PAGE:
Consumer Financial Protection Bureau Proposes Rule to End Payday Debt Traps

On June 2, 2016, the Consumer Financial Protection Board (the “CFPB”) announced a proposed rule that would substantially change the rules governing “payday loans, auto title loans, deposit advance products, and certain high-cost installment and open-end loans.”  The CFPB also indicated it would investigate whether additional products and protections should be covered. Press Release.

The stated purpose of the rulemaking is to protect consumers living paycheck to paycheck from the so-called “debt spiral” of serial borrowing and multiple loan origination and overdraft fees occasioned by chronic liquidity needs.  Given that the proposed rule spans 1,334 densely filled pages, it will take some time to digest the broad requirements and potential impact.  Thus far, however, opinions on whether the proposed rulemaking is likely to achieve its stated goals and the impact it may have on particular businesses or borrowers seem to depend on perspective.  For some, the proposed rule is an example of overreaching by the CFPB that threatens their business and really “miss[es] the mark,” as Richard Hunt, President and CEO of the Consumer Bankers Association, noted last week.  For others, the rulemaking would appear to have a marginal impact, if any.  And some FinTech companies view the proposed rule as an opportunity for market disruption and new entrants.

For a summary of the proposed rules and their potential impact on Current Providers of Short-Term Consumer Loans, Established Banking Institutions and New Market Entrants, and Consumers, please take a look at our analysis, The New CFPB Payday Lending Rules:  An Early Analysis.

U.S. Treasury Department Issues White Paper on Online Marketplace Lending Industry

On May 10, 2016, the Department of the Treasury issued a white paper on online marketplace lending that maps the current market landscape, reviews industry insights and offers policy proposals for the road ahead.  Based on approximately 100 responses from online marketplace lenders, financial institutions, investors and other key industry figures, the Treasury, in consultation with the CFPB, FDIC, Federal Reserve Board, FTC, OCC, SBA and SEC, made several notable recommendations and observations.

The white paper explores policies that would expand regulatory oversight, including standardized representations and warranties in securitizations, pricing methodology standards, the implementation of a registry for tracking data on transactions and the reporting of loan-level performance, among others.  In addition, the Treasury mentions potential cybersecurity threats, anti-money laundering, the uneven protections and regulations in place for small business borrowers and the growth of the mortgage and auto loan markets as some of the emerging trends to monitor.  The Treasury is also considering the role of federal agencies in regulating these areas, including the formation of an interagency working group for online market place lending.  Press ReleaseWhite Paper.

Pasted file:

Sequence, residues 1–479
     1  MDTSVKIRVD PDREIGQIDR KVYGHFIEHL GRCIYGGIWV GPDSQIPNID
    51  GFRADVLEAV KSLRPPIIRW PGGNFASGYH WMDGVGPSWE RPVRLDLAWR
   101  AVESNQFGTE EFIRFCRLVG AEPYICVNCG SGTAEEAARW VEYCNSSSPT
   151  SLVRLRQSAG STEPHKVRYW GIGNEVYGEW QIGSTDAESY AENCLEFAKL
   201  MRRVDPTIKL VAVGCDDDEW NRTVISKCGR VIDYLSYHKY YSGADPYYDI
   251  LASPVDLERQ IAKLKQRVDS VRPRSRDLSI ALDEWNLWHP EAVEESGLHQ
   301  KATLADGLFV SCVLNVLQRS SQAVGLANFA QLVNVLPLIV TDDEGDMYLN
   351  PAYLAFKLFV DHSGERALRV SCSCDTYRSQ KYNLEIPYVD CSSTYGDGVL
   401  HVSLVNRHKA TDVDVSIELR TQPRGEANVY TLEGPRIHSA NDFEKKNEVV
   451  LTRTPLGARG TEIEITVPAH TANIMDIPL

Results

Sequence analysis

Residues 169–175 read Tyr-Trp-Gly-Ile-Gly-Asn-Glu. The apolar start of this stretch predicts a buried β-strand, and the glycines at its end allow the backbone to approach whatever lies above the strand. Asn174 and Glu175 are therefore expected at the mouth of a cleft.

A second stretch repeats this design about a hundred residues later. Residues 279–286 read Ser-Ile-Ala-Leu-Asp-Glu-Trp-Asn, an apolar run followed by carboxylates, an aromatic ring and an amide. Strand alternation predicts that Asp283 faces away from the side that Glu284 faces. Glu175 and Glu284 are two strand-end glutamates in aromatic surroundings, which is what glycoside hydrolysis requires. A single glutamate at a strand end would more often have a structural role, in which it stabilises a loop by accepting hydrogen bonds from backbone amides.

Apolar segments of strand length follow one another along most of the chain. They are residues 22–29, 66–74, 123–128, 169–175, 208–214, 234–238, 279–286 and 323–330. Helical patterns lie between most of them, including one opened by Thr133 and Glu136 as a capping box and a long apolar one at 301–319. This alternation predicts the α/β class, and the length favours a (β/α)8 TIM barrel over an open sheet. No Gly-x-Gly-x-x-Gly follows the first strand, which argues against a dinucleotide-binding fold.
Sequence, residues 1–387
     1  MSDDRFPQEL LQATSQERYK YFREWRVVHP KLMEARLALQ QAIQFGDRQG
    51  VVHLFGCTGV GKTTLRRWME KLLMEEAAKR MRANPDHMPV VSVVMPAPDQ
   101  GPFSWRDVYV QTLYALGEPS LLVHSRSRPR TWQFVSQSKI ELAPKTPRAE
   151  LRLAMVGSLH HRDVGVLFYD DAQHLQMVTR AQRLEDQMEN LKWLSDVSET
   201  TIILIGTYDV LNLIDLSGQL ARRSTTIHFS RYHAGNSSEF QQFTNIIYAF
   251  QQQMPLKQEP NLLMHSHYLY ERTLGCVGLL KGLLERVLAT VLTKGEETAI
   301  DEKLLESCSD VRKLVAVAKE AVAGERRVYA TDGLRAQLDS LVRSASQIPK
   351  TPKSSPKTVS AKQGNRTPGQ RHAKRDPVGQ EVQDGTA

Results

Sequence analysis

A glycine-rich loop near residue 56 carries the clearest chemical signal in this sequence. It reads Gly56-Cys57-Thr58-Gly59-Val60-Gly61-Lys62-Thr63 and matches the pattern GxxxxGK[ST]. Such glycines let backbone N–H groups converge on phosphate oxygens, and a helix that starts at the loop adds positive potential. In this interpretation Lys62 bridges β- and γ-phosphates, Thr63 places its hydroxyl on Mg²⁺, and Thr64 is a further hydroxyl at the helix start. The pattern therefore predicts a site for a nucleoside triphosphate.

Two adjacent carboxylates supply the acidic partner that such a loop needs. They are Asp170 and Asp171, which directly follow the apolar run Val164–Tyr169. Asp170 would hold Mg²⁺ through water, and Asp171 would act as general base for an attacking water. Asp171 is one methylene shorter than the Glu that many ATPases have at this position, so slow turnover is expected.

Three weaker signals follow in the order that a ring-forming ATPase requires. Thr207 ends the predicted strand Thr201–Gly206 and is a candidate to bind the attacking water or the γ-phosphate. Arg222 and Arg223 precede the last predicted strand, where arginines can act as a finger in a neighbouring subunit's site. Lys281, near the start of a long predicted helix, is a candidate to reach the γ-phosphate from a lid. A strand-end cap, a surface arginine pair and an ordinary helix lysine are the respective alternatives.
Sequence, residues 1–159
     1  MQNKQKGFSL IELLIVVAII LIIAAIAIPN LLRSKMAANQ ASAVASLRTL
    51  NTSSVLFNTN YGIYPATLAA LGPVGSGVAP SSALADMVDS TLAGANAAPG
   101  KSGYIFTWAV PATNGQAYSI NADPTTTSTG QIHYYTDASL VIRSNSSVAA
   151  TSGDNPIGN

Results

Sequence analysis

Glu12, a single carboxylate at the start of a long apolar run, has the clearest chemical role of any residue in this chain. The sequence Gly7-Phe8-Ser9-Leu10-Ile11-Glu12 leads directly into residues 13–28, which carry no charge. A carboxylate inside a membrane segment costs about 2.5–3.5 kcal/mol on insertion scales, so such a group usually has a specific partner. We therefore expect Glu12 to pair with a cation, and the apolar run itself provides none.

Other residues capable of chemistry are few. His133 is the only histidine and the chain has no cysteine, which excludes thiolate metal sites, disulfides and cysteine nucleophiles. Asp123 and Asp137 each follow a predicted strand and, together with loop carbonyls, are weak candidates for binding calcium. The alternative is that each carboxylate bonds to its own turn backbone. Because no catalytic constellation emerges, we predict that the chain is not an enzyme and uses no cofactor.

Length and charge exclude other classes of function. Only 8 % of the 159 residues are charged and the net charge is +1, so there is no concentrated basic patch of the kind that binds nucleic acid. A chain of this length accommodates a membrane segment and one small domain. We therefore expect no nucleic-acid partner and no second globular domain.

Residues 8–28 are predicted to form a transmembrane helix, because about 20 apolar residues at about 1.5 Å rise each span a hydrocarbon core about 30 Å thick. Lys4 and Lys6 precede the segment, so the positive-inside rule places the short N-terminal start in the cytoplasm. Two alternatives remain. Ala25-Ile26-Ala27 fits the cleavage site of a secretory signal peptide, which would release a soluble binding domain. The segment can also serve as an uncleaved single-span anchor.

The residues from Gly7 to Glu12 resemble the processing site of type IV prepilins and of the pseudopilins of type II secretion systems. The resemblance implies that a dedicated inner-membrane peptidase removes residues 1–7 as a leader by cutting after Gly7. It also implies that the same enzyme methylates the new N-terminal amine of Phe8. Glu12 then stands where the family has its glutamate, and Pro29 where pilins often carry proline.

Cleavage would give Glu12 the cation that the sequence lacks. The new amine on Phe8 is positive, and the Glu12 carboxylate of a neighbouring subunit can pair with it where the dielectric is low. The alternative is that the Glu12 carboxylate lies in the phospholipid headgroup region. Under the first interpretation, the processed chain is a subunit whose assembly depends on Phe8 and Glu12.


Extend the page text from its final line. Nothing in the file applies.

CFPB Proposes Prohibition on Mandatory Consumer Arbitration Clauses

On May 5, 2016, the Consumer Financial Protection Bureau (CFPB) issued and sought comment on proposed rules prohibiting mandatory arbitration clauses that deny groups of consumers their day in court.  Under the proposed rules, companies would be prohibited from putting mandatory arbitration clauses in new consumer contracts that would prevent consumers from bringing class actions.  Comments must be received on or before 90 days after publication in the Federal Register.  Press ReleaseProposed Rule.

The CFPB Releases Consumer Bulletin on Marketplace Lending and Announces It Is Accepting Consumer Complaints

On March 7, 2016, the Consumer Financial Protection Bureau (the “CFPB”) released a consumer bulletin with information and tips for consumers of marketplace lending. The bulletin provides consumers with an overview of the peer-to-peer lending platform, as well as tips and general steps that should be taken when shopping for a loan. In conjunction with the release, the CFPB also announced that it is accepting complaints from consumers taking out loans from online marketplace lenders. Complaints are anticipated to be addressed within 60 days. CFPB Guide. Press Release.

CFPB Study Finds Electronic Mortgage Closings Can Benefit Consumers

On August 4, the CFPB published a report on its “Know Before You Owe” eClosing project which found that borrowers can benefit from electronic closings when navigating the mortgage closing process.  Specifically, the results of the pilot indicate that those who closed their mortgage using an electronic platform are generally better off on measures of understanding, efficiency, and feeling empowered than borrowers who used just paper forms.  ReleaseReport.

CFPB Considers Stronger Consumer Protections for Payday Loans and Similar Debt

On March 26, the CFPB announced that it is considering stronger consumer protections relating to payday loans, vehicle title loans, deposit advance products, and certain high-cost installment loans and open-end loans.  The proposals under consideration would require lenders to take steps to make sure consumers can repay their loans and would also restrict lenders from attempting to collect payment from consumers’ bank accounts in ways that tend to rack up excessive fees.  ReleaseFact Sheet.

CFPB Launches Public Inquiry to Inform Agency Review of the Credit Card Market

On March 17, the Consumer Financial Protection Bureau (CFPB) announced it is seeking public comment on how the credit card market is functioning and the impact of credit card protections on consumers and issuers. This public inquiry will focus on issues including credit card terms, the use of consumer disclosures, credit card debt collection practices, and rewards programs, among others.  Release.